Arts and Entertainment

“Kingdom Hearts 3”: A 10 Year Journey

Eric Warner   Staff Writer

Over the last few decades, the entertainment industry has changed and developed rapidly with introductions of new storytelling platforms such as video game consoles, new styles of animation, and thousands of new franchises that entice onlookers to this very day. Those franchises have either continued through sequels, prequels, or have ended to only live on within their audiences’ memories but within those developments true innovation can occur. Such innovation appeared in 2002 with the merging of Square Enix and Disney Interactive which resulted in the release of “Kingdom Hearts” for the PlayStation 2 in 2002. On Jan. 29 of this year, the official third installment and conclusion to the original storyline of the “Kingdom Hearts” series will finally be released for PlayStation 4 and Xbox One consoles after being developed for over 10 years.

“Kingdom Hearts” is a video game crossover of beloved Disney films with the themes and characters of the long running Final Fantasy series. An unconventional pairing, but this series actually came from the idea of making an open world game that can compare to the likes of “Super Mario 64.” However, Shinji Hashimoto, a producer at Square Enix, lamented to coworkers that such a game would not be able to compete with Mario without characters on par in popularity to the Italian plumber. Those characters, Hashimoto thought, would be the stars seen in the beloved Disney animated films. In a rare chance of fate, Hashimoto ran into a Disney executive in an elevator while the two companies were sharing a building in Japan and pitched the crossover of the two companies’ franchises resulting in one of the most cherished games of the 21st century.

“Kingdom Hearts’” story focuses around three children: Sora, Riku, and Kairi as they strive to go out and discover new worlds while they play on their island home. Their childish paradise is halted however when strange creatures called the Heartless invaded their world, engulfing it into darkness and sending the trio to different worlds. As this happens, a mysterious key shaped blade appears in Sora’s hand allowing him to fight off the Heartless for a time before he’s transported to a different world. Meanwhile in another world, court wizard Donald Duck and captain of the royal guard Goofy discover that King Mickey is missing and set off to look for him. Sora, Donald, and Goofy’s paths intertwine as they set off to look for their friends together, encountering worlds and characters that are representative of classic Disney films, such as “Hercules,” “Alice in Wonderland,” “The Nightmare Before Christmas,” while they uncover the mystery of the Keyblade and the Heartless. In “Kingdom Hearts 3,” players will be able to visit worlds from more recent Disney films such as “Pirates of the Caribbean” and “Frozen” as well as worlds from Pixar films for the first time such as “Toy Story” and “Monster’s Inc.”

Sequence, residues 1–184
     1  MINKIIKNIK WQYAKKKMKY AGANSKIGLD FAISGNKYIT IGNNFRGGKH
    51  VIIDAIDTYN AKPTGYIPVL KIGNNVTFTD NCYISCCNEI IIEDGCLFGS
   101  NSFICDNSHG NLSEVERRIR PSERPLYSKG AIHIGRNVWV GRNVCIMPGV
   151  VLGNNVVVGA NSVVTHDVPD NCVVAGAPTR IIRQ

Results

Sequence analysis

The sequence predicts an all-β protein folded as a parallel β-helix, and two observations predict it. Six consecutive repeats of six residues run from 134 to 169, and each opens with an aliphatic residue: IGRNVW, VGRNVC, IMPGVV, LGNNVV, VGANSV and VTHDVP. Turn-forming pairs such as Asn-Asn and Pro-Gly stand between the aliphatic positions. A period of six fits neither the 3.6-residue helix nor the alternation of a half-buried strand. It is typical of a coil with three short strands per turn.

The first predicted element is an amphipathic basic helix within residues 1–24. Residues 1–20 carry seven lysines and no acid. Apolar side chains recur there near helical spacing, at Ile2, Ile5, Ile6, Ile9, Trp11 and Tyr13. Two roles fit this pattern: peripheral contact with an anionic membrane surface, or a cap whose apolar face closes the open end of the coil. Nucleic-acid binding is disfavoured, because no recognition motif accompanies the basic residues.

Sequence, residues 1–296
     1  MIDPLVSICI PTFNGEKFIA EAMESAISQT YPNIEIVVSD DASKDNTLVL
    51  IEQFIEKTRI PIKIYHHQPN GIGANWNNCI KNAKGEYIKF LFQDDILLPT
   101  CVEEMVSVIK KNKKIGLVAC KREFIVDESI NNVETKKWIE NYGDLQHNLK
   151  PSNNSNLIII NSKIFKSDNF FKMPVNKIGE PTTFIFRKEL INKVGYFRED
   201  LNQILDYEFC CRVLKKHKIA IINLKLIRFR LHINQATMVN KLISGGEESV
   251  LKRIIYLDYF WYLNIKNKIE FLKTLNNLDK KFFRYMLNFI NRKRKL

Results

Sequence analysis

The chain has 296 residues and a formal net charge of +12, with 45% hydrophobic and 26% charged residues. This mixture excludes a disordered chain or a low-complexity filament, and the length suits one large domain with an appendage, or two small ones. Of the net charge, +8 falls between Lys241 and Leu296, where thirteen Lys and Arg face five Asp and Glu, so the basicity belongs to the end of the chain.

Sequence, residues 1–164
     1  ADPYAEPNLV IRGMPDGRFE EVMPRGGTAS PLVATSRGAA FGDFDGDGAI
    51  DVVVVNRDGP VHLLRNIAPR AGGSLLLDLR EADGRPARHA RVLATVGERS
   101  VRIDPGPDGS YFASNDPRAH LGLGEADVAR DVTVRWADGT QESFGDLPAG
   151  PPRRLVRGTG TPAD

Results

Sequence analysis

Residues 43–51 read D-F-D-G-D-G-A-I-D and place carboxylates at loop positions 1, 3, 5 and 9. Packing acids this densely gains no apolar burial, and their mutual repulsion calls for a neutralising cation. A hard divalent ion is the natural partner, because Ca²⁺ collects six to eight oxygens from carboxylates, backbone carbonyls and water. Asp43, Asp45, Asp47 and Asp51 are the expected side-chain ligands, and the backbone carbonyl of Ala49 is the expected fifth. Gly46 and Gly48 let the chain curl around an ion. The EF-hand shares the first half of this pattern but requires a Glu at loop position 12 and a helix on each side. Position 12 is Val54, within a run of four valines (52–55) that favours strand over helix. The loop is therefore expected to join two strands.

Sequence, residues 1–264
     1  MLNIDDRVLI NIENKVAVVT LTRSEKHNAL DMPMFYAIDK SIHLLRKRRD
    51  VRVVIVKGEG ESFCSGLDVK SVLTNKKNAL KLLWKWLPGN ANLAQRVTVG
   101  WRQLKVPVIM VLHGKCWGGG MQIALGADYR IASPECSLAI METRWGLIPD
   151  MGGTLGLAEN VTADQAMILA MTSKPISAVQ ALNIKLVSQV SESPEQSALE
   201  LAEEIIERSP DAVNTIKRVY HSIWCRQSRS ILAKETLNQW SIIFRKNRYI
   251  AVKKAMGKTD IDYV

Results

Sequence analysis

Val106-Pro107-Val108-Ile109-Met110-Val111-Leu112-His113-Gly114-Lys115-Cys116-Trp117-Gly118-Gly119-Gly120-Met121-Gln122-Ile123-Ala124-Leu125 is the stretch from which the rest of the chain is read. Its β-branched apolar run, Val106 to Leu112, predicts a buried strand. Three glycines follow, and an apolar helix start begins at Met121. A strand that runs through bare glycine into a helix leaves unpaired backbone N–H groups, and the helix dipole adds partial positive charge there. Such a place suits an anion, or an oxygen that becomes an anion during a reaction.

Fans of the series have been waiting for this third installment ever since “Kingdom Hearts 2” came out in 2005 and Tetsuya Nomura left to work on other Final Fantasy games. Thankfully, Square Enix and Disney Interactive eventually came back to the series to finish what they started, which is a feat that surprisingly not many game developers can say they did (i.e. Valve, Telltale, Visceral Games, and Etc.).

Ultimately, “Kingdom Hearts” is a video games series that touches on themes of good vs. evil, light vs. darkness, memories, destiny, and, although it may sound cliché, the power of friendship (it is a Disney produced video game after all). It’s a series that reminds audiences why they enjoy not just the classic Disney films or Final Fantasy games but why they enjoy stories as a whole and hopefully this new installment can warm the hearts of the current generation much like its predecessors did so many years ago.

Campus Lantern
The Campus Lantern is the school newspaper at Eastern Connecticut State University. The Lantern is run by students, for students and reports on everything hppening around campus. We publish every other week. The Lantern has been in publication since 1945.

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